Animation: How to Make Water (The Basics)

August 19, 2007 11:01 pm

Animation: How to make water (The basics) 

Before starting I am assuming that you already know how to use Lightwave 3D (Modeler/Layout). If not Please go to your “help” option tab in Layout so you can understand the tools better that are going to be using in this lesson.

*Note: Click on the images for a larger view. 



1.      Open up Lightwave modeler and using the Box tool, make a box similar to “Picture1” In the first layer.






2.      Just as shown in “Picture2” highlight the top polygon. Now use Smooth shift and resize the extra polygon made as shown in “Picture3.”















3.      Use smooth shift again and move the newly created polygon down on the Y axis just as you see it in “Picture4.”








4.      Now click into the second layer and while still having the first layer shown in the background, create a rectangle using the Box tool. Use “Picture5” as an example.







5.      After you finish creating the rectangular square, go to the multiply tab and subdivide the polygon using faceted 3 times. After the third time hit the ok button and your model should look just like what is shown in “Picture6.”







6.      Now using the point selection on the bottom left hand side of your screen, select all the points on the edge of the mesh and on the bottom right hand side of your screen click the “S” button until you see a window pop up called “Point selection sets.” Now name the points that you have selected called fluid still and then hit ok. Use “Picture7” for a reference.






7.      As shown in “Picture8” while the second layer is in the foreground and the first layer is in the background, hit the “Tab” button on your keyboard. After you do that, select all the polygons in the second layer and give it a surface name called water. Now go to the first layer and select all them polygons and give it a surface name called tub. Now go to file save and save the model as “swimming pool.” Close modeler now and go to layout.







8.      In layout Go to file/load/load object and open up the object called “swimming pool.” As shown in “Picture9” create a null and give it the name collision and hit the ok button. Next click on the properties button to open up object properties/go to the dynamics tab and add the dynamic called FX_Collision. Set the Radius/level to 200mm and check on no shift. After those settings, re-highlight the null object and set the position to: X: 1.9m Y: 1.9m Z: 0m.






9.      When you are done with the settings, highlight swimming pool:Layer2 and in the object properties window add a dynamic called ClothFX like shown in “Picture10.” In the Basic tab, change the fix option to Fluid still/pointset.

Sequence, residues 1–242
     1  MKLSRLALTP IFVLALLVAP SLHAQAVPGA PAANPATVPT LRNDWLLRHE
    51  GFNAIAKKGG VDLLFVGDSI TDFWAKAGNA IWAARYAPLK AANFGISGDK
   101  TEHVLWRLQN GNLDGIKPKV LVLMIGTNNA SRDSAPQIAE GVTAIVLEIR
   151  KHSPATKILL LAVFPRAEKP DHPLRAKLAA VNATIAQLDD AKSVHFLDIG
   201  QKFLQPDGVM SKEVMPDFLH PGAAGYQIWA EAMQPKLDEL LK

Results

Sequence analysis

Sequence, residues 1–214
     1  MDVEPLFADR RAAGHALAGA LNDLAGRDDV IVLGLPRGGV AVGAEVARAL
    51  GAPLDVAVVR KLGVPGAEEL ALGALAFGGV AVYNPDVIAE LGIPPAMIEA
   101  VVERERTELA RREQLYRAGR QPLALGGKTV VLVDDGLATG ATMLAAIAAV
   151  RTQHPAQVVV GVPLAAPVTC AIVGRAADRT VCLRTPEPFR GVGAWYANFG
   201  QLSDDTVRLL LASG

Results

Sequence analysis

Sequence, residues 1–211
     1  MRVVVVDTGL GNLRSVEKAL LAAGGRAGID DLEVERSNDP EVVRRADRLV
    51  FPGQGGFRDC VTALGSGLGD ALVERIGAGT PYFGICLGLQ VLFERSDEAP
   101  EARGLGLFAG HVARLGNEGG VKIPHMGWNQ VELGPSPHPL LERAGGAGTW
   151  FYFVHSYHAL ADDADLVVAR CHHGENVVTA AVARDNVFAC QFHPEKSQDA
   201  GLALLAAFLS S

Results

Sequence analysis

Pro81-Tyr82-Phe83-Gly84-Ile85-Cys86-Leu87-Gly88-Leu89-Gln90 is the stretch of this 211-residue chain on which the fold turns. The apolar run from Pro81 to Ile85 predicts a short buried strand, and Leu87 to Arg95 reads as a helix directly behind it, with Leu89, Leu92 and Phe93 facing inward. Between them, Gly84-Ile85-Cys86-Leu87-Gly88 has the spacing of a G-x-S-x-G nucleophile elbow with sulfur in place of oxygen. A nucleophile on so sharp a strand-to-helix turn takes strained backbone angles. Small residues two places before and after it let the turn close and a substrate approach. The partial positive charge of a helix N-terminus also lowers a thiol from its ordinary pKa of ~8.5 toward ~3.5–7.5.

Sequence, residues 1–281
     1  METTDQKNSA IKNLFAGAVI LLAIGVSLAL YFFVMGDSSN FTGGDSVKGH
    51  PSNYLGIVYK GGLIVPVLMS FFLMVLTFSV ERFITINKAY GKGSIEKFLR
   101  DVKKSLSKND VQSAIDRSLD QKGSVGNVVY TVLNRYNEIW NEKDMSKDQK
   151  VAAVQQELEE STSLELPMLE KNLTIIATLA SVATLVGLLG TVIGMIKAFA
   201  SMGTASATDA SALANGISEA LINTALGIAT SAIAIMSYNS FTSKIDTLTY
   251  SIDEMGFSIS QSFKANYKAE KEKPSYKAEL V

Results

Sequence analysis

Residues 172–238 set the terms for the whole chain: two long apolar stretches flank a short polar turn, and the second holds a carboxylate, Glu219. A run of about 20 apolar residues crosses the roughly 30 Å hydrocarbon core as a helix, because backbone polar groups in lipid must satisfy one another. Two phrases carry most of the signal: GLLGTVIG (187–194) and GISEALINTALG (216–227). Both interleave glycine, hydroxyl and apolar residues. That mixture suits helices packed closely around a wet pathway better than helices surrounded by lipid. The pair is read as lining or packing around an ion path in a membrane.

10.   In the Etc tab, change the Preset to Jelly. Use “Picture11” as a reference.








11.   Go back to the Collision tab and put these settings in as shown in “Picture12”:


Collision detect:

Exclusive Collision: Collision


Collision offset: 200mm



12.  Ok now as shown in “Picture13” we are going to animate the null hitting the water: highlight the null object in layout and put in these position settings on each keyframe:


Frame 10:

            X: 1.3253m

            Y: 875.001mm

            Z: 0m

Frame 20:

            X: 769.5938mm

            Y: 1.5802 m

            Z: 0m

Frame 30:

            X: 138.7654mm

            Y: 880.2316mm

            Z: 0m

Frame 31:

            X: 45.4316 mm

            Y: 868.6677mm

            Z: 0m

Frame 35:

            X: -447.82 mm

            Y: 881.8829mm

            Z: 0m

Frame 39:

            X: -964.52 mm

            Y: 883.091 mm

            Z: 0m

Frame 40:

            X: -1.05 m

            Y: 880.2316mm

            Z: 0m

Frame 50:

            X: -1.4959 m

            Y: 1.9126 m

            Z: 0m 

13.  Make sure your timeline in layout now has 100 keyframes. To do this go to the bottom right hand side of your screen and change the number 60 to 100. Use “Picture14” for a visual.







14.  Now that we have the animation and settings set up it is time to see the magic Lightwave can do. Highlight the null object and then turn back on the object properties window. Next, click on the Dynamics tab and hit the Calculate button. The null should now animate brushing against the water. Save the scene as “water animation.”

Not only can you use ClothFX for clothes, but you can also use it for: Water effects, characters stepping on snow, quick sand, parachutes, etc. 




I hope this tutorial has been helpful to you. If you have had any trouble you can download the files from this lesson here.

Be sure to check out the previous tutorial:
How to use ClothFX, HardFX, FX_Hardlink, and FX Collision (The basics)

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Since the age 16, Newhere has always had an eye for the 3d element. For many years, Newhere has worked with 3d graphics Using Lightwave's tools to create his own characters and environments. His real interest in 3d modeling was first discovered when he found some 3d images online and was fascinated by 3d human models done by the artists of Renderosity.

September 3, 2007

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Article Comments

relik ( posted at 12:00AM Thu, 13 September 2007

Thanks for this and the previous. Looking forward to seeing where I can take them. -R

FALCON2 ( posted at 12:00AM Fri, 14 September 2007

When I saw a simple water tutorial I thought for sure you were going to take this into animated texture displacements - perhaps next round :D Nice little tutorial!

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